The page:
words and tone matter

When It Comes to Stereotypes, Words Matter. A Lot.

A few days ago, I heard a young father telling his son—who was probably around 10 or 11—to “man up.” I started thinking about that phrase and wondered about all the gender stereotyping we do without even realizing it. Are expressions like “man up” harmless parts of or language or do they make a difference?

There’s no question that we use a lot of sex stereotypes in our everyday speech, most of the time without realizing it. Sometimes even the most gender-neutral phrases carry a strong stereotyped message. In most cases, the words are harmless, but other times they’re dangerous.

Take, for example, the word “behave” as it’s often used in schools. For decades, we’ve been telling boys in classrooms that they should “behave” properly: sit still and be quiet—behavior that’s strongly associated with girls. Unfortunately, that’s not the way boys learn best. Boys get the message that girls’ behavior is “right,” and that that there’s something wrong with boys’ behavior. Parents are told that their sons have ADHD, and they rush out to find a doctor who will confirm that “diagnosis.” As a result, way too many boys are unnecessarily drugged.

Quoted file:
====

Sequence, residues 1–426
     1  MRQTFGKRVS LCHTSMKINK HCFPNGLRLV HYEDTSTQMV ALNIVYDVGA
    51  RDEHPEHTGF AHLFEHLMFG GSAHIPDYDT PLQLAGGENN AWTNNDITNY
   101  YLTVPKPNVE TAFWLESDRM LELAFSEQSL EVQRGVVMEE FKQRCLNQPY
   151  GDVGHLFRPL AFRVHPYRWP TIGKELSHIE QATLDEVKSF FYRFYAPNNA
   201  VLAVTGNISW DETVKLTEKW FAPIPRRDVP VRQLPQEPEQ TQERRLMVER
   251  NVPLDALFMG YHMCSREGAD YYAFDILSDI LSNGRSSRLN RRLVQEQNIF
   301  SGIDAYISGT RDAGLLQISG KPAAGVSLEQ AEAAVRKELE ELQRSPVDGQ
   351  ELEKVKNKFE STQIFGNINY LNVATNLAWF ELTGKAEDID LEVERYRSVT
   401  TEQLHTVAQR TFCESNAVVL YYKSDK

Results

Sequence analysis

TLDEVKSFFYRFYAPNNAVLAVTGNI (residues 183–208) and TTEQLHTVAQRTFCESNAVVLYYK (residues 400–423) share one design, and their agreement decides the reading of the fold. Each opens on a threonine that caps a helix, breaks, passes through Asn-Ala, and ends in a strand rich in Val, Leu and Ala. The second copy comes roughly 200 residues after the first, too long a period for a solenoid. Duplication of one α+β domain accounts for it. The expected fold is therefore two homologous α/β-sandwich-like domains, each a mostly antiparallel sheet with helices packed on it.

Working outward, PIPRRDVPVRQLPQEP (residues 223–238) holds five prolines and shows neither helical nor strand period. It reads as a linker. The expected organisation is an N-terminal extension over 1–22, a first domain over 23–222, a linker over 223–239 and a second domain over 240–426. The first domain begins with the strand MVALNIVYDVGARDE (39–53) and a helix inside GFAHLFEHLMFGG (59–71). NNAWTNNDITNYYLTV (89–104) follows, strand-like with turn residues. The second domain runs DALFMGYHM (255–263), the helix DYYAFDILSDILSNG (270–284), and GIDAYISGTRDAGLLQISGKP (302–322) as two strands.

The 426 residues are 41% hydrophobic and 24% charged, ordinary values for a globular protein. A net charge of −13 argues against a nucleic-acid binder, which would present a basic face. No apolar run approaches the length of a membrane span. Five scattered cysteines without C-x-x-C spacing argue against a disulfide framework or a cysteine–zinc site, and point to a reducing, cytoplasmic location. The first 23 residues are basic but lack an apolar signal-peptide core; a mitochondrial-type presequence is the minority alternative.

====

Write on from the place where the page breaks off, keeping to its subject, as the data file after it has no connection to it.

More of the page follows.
Read the rest of this article here.

Photo by Alex Holyoake on Unsplash

Armin Brott

View posts by Armin Brott
Armin Brott is the proud father of three, a former U.S. Marine, a best-selling author, radio host, speaker, and one of the country’s leading experts on fatherhood. He writes frequently about fatherhood, families, and men's health. Read more about Armin or visit his website, mrdad.com. You can also connect via social media: Facebook, Twitter, Pinterest,  and Linkedin.

1 Comment

  1. KJKDecember 19, 2023

    Speaking of “man up”, here is a great article that addresses another factor contributing to men’s reluctance to seek appropriate and/or timely healthcare:



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